By Staci Schoenfeld
Dealing with the consequences of abuse looks a lot like this:
You go into your kitchen one morning and pull the small frying pan out of the bottom cupboard—the one to the right of the stove, one of the two or three in this rented house’s kitchen you have to close just right if you want the latch to catch—because you are determined to eat better and save money and because you love egg sandwiches with cheese for breakfast.
You see what looks like a mouse turd. You wonder how it got there—how there could be a mouse in your kitchen that had previously only harbored black ants and four (maybe more, but definitely four) termites prior to your landlady spraying for them while you were out of town at a writing conference in Tennessee.
You step on the garbage lid opener and dump the offending turd, clean the pan, cook your egg. Sooner than later that day you are pretty sure it wasn’t the poop of a rogue rodent you saw, but your imagination playing tricks on you. You see something in everything. Patterns that aren’t there. This was nothing. Never mind the now half-remembered odd sounds coming from the same cupboard over the last couple of weeks. Sounds you also dismissed because they came like memories—only every so often and gone before you could recognize them as something real, something tangible.
Until another morning, days later, and more mouse shit.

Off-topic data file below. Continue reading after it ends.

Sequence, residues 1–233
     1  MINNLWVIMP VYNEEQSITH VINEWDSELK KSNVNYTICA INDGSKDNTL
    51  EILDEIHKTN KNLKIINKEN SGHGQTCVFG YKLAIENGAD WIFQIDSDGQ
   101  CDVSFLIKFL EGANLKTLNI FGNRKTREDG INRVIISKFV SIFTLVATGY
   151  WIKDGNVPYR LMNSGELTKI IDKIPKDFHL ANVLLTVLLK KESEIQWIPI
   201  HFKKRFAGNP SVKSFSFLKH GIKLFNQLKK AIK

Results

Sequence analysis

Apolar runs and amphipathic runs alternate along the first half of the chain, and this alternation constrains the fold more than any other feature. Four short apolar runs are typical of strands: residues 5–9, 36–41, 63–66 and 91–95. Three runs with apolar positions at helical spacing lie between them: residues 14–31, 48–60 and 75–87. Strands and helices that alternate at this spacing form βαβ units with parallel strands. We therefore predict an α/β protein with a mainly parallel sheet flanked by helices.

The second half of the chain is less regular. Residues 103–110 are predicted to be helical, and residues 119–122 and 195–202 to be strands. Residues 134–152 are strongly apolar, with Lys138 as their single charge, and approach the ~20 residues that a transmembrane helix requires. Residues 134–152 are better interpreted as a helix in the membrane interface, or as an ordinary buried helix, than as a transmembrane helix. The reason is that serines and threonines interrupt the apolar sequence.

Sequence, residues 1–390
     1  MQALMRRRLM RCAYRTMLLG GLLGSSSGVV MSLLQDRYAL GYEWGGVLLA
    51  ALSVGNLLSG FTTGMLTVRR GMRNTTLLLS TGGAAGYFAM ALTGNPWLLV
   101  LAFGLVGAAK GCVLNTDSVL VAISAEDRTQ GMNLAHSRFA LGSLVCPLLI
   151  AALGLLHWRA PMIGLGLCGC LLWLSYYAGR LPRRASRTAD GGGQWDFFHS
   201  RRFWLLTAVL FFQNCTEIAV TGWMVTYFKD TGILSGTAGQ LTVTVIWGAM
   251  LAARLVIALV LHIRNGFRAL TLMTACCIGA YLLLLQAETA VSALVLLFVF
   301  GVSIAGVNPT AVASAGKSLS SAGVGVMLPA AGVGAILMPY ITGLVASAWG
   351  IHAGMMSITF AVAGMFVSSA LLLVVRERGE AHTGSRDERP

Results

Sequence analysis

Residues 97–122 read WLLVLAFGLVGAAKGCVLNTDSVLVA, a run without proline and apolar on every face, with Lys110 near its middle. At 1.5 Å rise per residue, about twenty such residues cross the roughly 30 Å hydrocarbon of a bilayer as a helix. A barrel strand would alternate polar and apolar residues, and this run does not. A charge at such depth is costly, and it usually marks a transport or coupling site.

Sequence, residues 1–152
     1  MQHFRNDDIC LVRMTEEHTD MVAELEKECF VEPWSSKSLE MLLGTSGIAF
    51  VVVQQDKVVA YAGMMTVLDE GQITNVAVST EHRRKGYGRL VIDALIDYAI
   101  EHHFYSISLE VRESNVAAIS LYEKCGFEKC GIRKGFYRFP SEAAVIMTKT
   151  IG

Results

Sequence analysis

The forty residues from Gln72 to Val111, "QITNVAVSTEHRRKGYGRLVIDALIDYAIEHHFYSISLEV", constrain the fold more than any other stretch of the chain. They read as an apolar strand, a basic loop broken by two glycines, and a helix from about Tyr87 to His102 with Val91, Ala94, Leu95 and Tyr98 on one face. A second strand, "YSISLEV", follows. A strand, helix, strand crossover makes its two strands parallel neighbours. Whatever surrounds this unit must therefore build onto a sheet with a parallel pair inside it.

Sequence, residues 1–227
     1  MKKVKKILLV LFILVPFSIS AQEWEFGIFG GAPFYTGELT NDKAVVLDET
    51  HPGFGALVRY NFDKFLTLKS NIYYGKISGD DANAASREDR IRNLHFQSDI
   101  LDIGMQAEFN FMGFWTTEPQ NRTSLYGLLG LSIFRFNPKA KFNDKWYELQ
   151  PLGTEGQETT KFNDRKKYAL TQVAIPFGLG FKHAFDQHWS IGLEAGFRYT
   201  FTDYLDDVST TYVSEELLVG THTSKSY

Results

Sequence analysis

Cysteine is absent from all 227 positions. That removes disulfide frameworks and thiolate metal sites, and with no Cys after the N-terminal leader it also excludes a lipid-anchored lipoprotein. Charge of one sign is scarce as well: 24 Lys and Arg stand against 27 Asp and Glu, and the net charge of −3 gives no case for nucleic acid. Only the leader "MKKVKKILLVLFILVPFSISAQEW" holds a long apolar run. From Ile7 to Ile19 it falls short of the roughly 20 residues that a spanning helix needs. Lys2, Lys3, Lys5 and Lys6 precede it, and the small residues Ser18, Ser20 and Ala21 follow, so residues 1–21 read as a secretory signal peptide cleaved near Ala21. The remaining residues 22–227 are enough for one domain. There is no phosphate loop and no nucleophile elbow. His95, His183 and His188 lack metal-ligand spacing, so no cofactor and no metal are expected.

Only this time it’s on the stove, behind the butter sitting in its crystal tray—the one your birthmother gave you when you left her house to move to this college town to pursue a master’s degree in creative writing at 41—and more near the bag of bread you left out overnight.
Definitely, you think. There is definitely a mouse.
So you tell your therapist about the mouse—she’s the only person you feel you can tell who won’t judge you, though, it’s a mouse in your kitchen, so she probably does. And who could blame her? She doesn’t know how much of a slob you are or aren’t, she only knows the little sound bites you tell her in your weekly sessions—the worries you have about writing into the truth of your childhood and the corresponding anxiety of producing a worthy thesis. Never mind the other issues you should be discussing.
You explain to her how, when you lived in San Francisco in the mid 90’s, you had mice by way of the sump pump cover in your tiny, illegal in-law apartment—the one with no sink in the bathroom because it was too small, so for years you washed everything from yourself to your dishes in the tiny shower, the one prone to flooding the floor because two of the shower’s walls were made out of shower curtains. You tell her that you were vegan then and caught mice with non-dairy cheese. Only in San Francisco, you say, and you both laugh.
You leave the therapist’s office determined to get rid of the mouse. Drive to the local hardware store, the one in the shopping center with the co-op, the international grocery, a liquor store, a produce market, and a bakery.